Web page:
No blood diamonds

01/08/2017 0 Comment(s)

No blood diamonds

The term Conflict Diamonds refers to diamonds that have been traded in the country of origin and their revenues have funded violent conflict and human rights abuses. No Blood Diamonds.

‘The diamonds on this site and those that we sell have been purchased from legitimate sources not involved in funding conflict and in compliance with United Nations resolutions. We (formerly hereby guarantee that these diamonds are conflict free, based on written guarantees provided by the supplier of our diamonds’

The bloody issues depicted in the film Blood Diamonds and currently a subject of many newspaper and magazine columns reference dreadful wars that ended in 1999. Our diamonds come from all parts of the world so our business would not be affected by a boycott on diamonds from Sierra Leone.

HOWEVER…………. .
If you boycott diamonds from West Africa, thousands of people in the diamond mining industry will be deprived of their livings and starve to death in one of the poorest parts of the world. The knock-on effect is catastrophic; many of the diamonds officially mined in West Africa are cut in India where 700, 000 people work in the diamond cutting and polishing industry, each one of those workers has an average of ten dependants. So another 7 million people would be directly affected if the sensationalism of certain press reporting doesn’t tell the whole story. It’s not WHERE THE DIAMONDS COME FROM that matters, its how they are mined and whether they are mined officially. The KIMBERLEY PROCESS ensures that the diamonds are mined officially and is instrumental in improving conditions for the mining families. At the time of the wars it is estimated that 4% of diamonds coming out of Africa were funding the atrocities. 8 years later the wars are over and it seems that ½% of diamonds are smuggled and miss the Kimberley process. Most cultures have a history which contains ghastly wars with vicious cruelty and shocking examples of man’s inhumanity to man. Mining is a messy business, whether its coal, diamonds, platinum, copper, tin etc. With continued production and good management the official revenues received by these mines will fund improvements to working conditions as happened in our own coal industry.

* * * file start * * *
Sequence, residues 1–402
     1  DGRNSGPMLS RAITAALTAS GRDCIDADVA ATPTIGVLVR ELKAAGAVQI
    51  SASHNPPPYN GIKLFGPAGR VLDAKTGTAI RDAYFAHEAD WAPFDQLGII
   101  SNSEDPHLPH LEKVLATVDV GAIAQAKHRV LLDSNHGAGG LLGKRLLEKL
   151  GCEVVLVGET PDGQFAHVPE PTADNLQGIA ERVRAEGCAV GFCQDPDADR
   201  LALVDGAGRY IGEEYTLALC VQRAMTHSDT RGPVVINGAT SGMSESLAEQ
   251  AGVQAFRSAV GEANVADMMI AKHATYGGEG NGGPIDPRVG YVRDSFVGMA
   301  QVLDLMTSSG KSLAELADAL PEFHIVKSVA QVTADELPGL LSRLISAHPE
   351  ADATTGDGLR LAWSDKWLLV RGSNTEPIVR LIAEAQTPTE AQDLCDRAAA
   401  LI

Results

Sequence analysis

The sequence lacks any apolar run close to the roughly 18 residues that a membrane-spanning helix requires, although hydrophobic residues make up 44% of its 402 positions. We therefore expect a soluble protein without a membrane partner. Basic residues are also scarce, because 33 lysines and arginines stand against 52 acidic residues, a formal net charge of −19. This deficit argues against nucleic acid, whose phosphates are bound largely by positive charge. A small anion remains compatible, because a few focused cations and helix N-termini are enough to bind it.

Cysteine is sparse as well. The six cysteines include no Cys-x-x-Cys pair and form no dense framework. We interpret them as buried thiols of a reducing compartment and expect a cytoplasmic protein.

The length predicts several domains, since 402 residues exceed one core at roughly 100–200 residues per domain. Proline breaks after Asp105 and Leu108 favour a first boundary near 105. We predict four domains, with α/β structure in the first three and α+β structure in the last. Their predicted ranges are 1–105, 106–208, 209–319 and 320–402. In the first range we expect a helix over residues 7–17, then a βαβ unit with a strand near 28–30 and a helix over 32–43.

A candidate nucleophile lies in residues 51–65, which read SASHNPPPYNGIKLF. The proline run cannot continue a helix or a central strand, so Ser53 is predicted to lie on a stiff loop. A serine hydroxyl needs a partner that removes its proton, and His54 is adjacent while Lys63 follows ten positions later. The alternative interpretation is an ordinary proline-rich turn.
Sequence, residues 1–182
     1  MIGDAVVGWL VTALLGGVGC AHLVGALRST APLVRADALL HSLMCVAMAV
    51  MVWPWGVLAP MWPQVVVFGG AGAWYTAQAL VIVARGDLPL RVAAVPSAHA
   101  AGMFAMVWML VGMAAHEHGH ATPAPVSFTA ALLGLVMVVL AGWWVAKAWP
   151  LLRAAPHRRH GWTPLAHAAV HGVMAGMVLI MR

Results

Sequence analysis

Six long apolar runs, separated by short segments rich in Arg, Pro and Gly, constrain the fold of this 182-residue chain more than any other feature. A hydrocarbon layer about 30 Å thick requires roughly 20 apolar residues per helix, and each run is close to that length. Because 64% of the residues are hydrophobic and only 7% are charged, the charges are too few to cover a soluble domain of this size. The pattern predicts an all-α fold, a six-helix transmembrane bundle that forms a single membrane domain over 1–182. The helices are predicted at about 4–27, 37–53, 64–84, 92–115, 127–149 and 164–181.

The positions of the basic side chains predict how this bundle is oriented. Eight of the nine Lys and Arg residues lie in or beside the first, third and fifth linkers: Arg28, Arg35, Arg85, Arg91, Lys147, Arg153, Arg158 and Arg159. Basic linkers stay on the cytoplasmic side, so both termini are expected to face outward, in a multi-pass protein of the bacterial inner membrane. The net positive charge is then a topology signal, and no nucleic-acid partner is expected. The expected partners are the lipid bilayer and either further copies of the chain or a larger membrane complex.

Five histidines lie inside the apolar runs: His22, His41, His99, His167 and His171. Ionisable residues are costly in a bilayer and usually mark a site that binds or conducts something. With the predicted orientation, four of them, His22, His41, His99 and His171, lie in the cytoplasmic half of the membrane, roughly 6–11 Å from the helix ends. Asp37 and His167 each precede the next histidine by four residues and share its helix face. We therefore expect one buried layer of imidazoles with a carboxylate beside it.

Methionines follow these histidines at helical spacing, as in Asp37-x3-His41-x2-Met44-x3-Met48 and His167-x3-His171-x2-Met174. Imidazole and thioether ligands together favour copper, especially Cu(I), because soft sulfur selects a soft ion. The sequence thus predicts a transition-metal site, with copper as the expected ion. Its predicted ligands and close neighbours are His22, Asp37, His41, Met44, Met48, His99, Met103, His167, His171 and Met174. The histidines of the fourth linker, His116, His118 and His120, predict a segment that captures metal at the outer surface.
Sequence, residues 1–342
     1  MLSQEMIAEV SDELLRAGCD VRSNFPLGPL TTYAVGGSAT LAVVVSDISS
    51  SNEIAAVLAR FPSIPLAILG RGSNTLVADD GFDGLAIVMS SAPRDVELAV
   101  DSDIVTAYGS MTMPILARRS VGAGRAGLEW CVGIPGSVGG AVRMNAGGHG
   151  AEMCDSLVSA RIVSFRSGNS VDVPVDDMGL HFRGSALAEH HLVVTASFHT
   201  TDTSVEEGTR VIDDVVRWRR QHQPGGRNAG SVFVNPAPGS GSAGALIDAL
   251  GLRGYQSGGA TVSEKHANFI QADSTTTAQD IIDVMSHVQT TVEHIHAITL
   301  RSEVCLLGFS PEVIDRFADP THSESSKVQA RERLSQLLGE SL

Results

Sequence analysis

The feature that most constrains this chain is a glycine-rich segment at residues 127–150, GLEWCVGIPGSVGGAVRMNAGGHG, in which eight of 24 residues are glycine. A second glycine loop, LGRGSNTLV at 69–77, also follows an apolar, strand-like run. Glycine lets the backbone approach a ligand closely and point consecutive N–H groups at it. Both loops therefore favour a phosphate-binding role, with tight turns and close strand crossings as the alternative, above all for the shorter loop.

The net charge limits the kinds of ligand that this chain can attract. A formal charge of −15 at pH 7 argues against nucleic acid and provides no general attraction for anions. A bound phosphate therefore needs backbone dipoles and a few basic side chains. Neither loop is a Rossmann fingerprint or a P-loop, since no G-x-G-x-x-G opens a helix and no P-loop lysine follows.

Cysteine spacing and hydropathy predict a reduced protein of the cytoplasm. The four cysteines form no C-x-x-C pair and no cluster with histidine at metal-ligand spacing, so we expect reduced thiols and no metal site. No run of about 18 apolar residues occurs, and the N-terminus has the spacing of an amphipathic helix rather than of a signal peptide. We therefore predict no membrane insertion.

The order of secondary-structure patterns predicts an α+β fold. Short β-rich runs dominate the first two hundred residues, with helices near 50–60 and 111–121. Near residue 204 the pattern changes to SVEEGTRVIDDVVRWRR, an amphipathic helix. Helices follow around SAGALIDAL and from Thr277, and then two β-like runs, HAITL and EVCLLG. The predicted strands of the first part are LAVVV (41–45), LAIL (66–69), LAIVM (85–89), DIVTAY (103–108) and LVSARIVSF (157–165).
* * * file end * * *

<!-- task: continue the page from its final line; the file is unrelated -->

If you still feel it’s right to boycott all diamonds from West Africa then you must scrap your car and all the white and brown goods in your house to be true to your principles, because they all contain materials that have been mined in less that perfect conditions. Remember only continual revenue into poor mining areas can improve conditions, it is happening, humanity is moving forward.

In May 2000, Southern African diamond producing states met in Kimberley, South Africa, to come up with a way to stop the trade in conflict diamonds and to ensure consumers that the diamonds that they purchase have not contributed to violent conflict and human rights abuses in their countries of origin.